When you turn on your home’s faucets or showers, you expect to be greeted by clean water for drinking, bathing or cleaning. But when your home’s drinkable water (also referred to as potable water) comes in contact with other sources, it can contaminate your potable water supply.

To protect your home or business’ drinking water from contamination, you may need a plumber to install a backflow preventer. In our most recent blog, the plumbers at Edwards Royal Comfort discuss what backflow prevention is, how backflow preventers work and the benefits of installing one. For all of your home’s plumbing needs, including the installation of a backflow preventer, contact Edwards today.

How Does Backflow Occur?

Backflow occurs when the normal flow of water in your home’s pipes or plumbing system suddenly reverses directions. If this occurs, the clean water that you drink or shower with can come into contact with used water that may contain chemicals, bacteria and other harmful contaminants.

Without getting too technical, backflow occurs when different levels of pressure exist within two different points in a plumbing system, such as water of high pressure flowing to water of low pressure. Backflow typically results from one of two processes: backsiphonage and backpressure.

Without backflow preventers, both non-potable and potable water can be introduced into the drinking water system, which can be dangerous to those who drink or use the water.

Do You Need a Backflow Preventer?

Backflow preventers are devices that are installed on your home’s water pipes that only allow water to flow in one direction and not the opposite. Their purpose is to prevent drinking water from being contaminated with other sources because of backflow.

Backflow preventers are common in commercial settings, but some homes can also benefit from having one installed. The number-one reason to install a backflow preventer in a home is if you have a sprinkler system that cross-connects with the drinking water system.

If an event causes a drop in the water main’s pressure because of a nearby burst pipe or the use of a fire hydrant, the water pressure difference can cause contaminants to flow back through the sprinkler head, which can introduce fertilizer and pesticides into potable water.

In some cases, when a main water line break occurs, water is no longer being pushed forward into your home and will flow into the city water lines. This can contaminate the drinking water supply with:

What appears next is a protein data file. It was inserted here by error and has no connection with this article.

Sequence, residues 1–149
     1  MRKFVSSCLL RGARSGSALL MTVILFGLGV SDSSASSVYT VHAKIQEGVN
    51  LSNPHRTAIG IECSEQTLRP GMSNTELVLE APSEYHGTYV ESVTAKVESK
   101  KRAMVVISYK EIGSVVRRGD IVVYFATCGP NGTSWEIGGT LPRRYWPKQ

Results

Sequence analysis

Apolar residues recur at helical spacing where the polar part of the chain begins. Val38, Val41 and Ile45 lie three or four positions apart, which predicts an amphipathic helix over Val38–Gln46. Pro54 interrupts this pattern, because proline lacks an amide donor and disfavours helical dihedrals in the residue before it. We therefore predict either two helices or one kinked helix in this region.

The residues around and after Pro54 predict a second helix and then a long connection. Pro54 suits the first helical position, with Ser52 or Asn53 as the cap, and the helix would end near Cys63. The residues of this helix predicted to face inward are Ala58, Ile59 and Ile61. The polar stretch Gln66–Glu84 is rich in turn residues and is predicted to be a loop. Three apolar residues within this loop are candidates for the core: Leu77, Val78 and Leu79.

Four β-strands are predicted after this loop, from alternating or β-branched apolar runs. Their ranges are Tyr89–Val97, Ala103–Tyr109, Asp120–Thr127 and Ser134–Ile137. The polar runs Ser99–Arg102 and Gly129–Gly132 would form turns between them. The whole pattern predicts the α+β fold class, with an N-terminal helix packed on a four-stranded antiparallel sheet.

• Soap from sinks, showers and dishwashers
  • Human waste
  • Pesticides and fertilizers
  • Chlorine from pools

These contaminants and bacteria can lead to you or your neighbors becoming sick.

Benefits of Installing a Backflow Preventer

The number-one benefit of installing a backflow prevention device is to prevent backflow from contaminating your home’s drinking water supply. The backflow prevention device will stop water if it tries to flow backwards into the city’s main water supply.

Several states require homes and commercial businesses to install backflow prevention devices. Many newer homes already come equipped with one, especially those with a sprinkler system, which we discussed earlier.

Aside from the health of you and your loved ones, installing a backflow valve can prevent damaged pipes due to foreign materials flowing through them. Damaged pipes and contaminated water can lead to lengthy repairs that can leave your home without safe water for several days at a time.

Contact Edwards About Backflow Preventer Installation

If your home is older and you’re unsure whether it has a backflow prevention device, contact the licensed plumbers at Edwards Royal Comfort. We’ll inspect your plumbing system and help you decide whether a backflow prevention device is a good idea. 

If we inspect your home and find that you have a backflow prevention device in need of repairs, we can help with that as well. For all of your plumbing needs, from backflow prevention devices to tankless water heater services, contact Edwards Royal Comfort.